For the project, Vigil consulted with seven scholars on Mesoamerican and Spanish historical culture in order to create an accurate depiction of the past.

Credit: Courtesy of Ximena N. Larkin

He says that just by looking at the Iberian Peninsula, there’s a mix of Romans, Celts, Muslims, and Phoenicians which is all tied into Spanish identity. Then, with the Americas, there’s Maya, Aztec and Toltec. The history of these lines iS not linear. They overlap, intertwine and blend together in a dizzying ride that Vigil worked to bring to life in Mundos de Mestizaje. 

The purpose is to show the viewer how interconnected and far-reaching culture is. Islamic philosopher Ibn Rushd is depicted sitting next to Rabbi Moshe ben Maimon, a Medieval Torah scholar, and physician. Chacmool, the pre-Columbian sculpture found throughout Mesoamerica shares space with George Washington and an African slave. 

“There are no purebloods, we are all mixed—or perhaps the only people who can say they are of pure blood are the Amazons or indigenous tribes that have lived in isolation,” Vigil says. “When people begin to study the past, they realize we, as a society, are not genetically one thing.”

Vigil learned the art of fresco painting from Lucienne Bloch and Stephen Pope Dimitroff. The couple might not be household names outside of the art community, but their bosses were. Bloch and Dimitroff were assistants to the world-renowned Mexican artists Diego Rivera and Frida Kahlo.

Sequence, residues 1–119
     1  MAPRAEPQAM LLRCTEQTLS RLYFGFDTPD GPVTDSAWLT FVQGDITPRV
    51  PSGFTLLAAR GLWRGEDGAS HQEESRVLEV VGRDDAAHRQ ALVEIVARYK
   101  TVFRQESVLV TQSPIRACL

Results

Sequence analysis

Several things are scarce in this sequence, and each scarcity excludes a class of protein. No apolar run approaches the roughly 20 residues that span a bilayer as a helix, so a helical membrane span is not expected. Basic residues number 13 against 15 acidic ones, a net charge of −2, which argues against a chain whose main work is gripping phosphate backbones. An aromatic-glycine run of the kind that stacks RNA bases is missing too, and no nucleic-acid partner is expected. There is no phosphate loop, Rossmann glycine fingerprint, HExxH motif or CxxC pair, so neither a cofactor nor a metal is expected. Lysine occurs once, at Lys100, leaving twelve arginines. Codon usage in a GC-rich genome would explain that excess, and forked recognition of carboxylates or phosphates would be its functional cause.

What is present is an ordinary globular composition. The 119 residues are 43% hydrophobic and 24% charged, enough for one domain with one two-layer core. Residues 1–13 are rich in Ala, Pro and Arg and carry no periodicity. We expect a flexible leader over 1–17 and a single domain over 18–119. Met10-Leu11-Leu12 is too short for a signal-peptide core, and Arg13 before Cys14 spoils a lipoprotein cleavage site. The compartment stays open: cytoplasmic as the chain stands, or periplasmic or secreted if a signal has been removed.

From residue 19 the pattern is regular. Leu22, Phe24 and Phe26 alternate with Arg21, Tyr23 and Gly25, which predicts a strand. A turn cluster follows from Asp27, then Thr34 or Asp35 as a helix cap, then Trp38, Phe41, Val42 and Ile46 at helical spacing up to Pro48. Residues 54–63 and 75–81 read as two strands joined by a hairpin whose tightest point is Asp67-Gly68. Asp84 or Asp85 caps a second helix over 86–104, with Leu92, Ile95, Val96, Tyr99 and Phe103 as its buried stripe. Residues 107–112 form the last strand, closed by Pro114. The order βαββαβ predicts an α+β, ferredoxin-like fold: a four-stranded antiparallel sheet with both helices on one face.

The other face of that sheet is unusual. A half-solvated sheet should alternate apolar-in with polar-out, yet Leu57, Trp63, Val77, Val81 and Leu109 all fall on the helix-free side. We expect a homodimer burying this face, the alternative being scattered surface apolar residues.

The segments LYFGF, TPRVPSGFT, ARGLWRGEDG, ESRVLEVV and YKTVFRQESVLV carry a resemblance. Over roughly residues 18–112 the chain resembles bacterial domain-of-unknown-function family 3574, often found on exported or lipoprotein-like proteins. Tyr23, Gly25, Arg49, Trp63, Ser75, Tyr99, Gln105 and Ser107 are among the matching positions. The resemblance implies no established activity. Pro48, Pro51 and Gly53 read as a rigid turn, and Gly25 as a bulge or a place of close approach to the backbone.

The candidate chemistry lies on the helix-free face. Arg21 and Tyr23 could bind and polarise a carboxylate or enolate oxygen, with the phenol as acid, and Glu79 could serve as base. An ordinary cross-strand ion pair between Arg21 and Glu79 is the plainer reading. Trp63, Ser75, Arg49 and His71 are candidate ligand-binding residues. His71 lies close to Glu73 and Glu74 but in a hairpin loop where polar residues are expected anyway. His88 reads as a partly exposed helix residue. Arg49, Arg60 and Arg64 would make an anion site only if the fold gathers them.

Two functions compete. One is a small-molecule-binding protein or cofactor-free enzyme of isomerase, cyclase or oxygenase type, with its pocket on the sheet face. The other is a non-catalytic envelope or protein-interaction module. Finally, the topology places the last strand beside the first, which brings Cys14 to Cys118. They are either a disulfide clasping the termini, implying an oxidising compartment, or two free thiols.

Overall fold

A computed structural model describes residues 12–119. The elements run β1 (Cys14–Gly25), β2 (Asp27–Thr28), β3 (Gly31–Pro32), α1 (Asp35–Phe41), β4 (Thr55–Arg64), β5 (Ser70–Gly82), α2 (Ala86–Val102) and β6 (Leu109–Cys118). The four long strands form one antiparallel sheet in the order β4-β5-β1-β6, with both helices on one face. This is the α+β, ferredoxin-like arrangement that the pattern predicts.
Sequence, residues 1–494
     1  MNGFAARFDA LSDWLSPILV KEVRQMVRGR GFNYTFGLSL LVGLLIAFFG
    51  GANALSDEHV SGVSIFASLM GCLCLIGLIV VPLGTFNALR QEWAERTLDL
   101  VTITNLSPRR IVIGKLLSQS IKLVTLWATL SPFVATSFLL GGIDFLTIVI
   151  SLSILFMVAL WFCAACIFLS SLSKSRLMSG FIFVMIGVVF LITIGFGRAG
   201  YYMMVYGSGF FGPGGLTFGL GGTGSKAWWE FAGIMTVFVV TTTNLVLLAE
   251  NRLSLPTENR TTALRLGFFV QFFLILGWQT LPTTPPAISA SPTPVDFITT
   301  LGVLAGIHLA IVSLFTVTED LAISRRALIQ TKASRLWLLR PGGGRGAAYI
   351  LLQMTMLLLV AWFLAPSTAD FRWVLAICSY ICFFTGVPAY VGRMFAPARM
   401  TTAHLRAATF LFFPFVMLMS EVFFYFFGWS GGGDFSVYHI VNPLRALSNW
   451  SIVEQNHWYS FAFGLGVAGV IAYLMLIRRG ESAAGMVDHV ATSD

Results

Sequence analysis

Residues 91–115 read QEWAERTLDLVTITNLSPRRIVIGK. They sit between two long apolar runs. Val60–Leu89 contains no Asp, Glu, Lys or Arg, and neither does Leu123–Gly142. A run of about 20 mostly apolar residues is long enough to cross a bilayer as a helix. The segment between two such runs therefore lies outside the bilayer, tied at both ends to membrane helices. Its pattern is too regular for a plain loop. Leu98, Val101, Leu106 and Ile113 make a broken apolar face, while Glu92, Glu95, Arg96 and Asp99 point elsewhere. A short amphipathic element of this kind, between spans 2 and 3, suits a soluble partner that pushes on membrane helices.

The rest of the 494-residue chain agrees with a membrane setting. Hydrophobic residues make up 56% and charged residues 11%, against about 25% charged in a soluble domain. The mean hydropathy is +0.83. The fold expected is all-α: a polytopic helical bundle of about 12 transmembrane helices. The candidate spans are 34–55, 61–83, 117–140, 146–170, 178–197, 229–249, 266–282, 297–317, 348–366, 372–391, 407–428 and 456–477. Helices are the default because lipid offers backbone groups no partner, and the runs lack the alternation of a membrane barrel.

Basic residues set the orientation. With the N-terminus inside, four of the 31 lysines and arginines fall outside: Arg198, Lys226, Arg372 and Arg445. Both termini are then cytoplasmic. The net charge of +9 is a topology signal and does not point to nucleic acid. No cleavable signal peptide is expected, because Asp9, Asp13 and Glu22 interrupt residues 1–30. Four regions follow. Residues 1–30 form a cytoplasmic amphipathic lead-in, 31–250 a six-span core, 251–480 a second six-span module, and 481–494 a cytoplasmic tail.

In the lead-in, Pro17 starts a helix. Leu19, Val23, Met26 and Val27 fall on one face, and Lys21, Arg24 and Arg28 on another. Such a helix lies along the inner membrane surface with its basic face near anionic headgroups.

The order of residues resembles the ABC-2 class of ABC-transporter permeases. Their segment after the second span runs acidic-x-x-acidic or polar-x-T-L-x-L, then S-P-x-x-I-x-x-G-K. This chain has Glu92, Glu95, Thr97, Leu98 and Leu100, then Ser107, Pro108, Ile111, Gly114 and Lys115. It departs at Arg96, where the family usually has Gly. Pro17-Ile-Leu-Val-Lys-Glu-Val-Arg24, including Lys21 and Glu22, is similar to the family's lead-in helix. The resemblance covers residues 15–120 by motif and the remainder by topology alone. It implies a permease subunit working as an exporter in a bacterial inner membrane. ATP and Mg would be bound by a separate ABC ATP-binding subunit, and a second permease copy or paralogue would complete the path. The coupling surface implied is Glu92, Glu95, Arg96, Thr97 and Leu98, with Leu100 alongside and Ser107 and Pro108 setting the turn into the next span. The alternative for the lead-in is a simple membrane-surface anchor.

Vigil connected with the couple thanks to the Santa Fe Council for The Arts.

Credit: Courtesy of Ximena N. Larkin

The organization reached out to Vigil to gauge his interest in a scholarship learning from the pair. Now in their 70s, the two aging artists were making strides to ensure their knowledge was passed down to a new generation of creators. Art lessons were accompanied by tales of the past that included Kahlo, Rivera, and friends such as Leon Trotsky. There, he learned the complicated and time-consuming process of fresco painting.

A surface is rough plastered with a mix of lime, sand, and cement. On average, a layer takes 10-12 hours to dry. A painter can go to work an hour into the drying process and usually has between seven to nine hours of time to complete their design. The art then needs 7-10 days between coats. If the painter messes up, they have to scrape off the layers and begin again.

“I’m a procrastinator but when the wall is wet, you have to paint,” says Vigil. “Each painting is a new experience. It doesn’t get old.”

Vigil is currently working on a new 2,500-plus square foot monumental fresco at the Albuquerque Convention Center.

Credit: Courtesy of Ximena N. Larkin

His new work tells the tale of New Mexico’s history as the oldest state in the U.S. to produce wine. He says the piece could take four to six years to complete. He’s currently in his second year.

The hours for the Torreón (where the fresco is housed) are Saturdays and Sundays from 12-5 p.m., plus it is open by appointment, which can be scheduled with Juanita Ramírez at Juanita.ramirez@state.nm.us or 505-383-4774. The NHCC presents concerts in the Torreón in partnership with the Pimentel & Sons Guitar Makers. The Torreón is available for rentals under certain circumstances and with some restrictions. 

READ: 20 Bizarre Nail Art Ideas That I Just Will Never Understand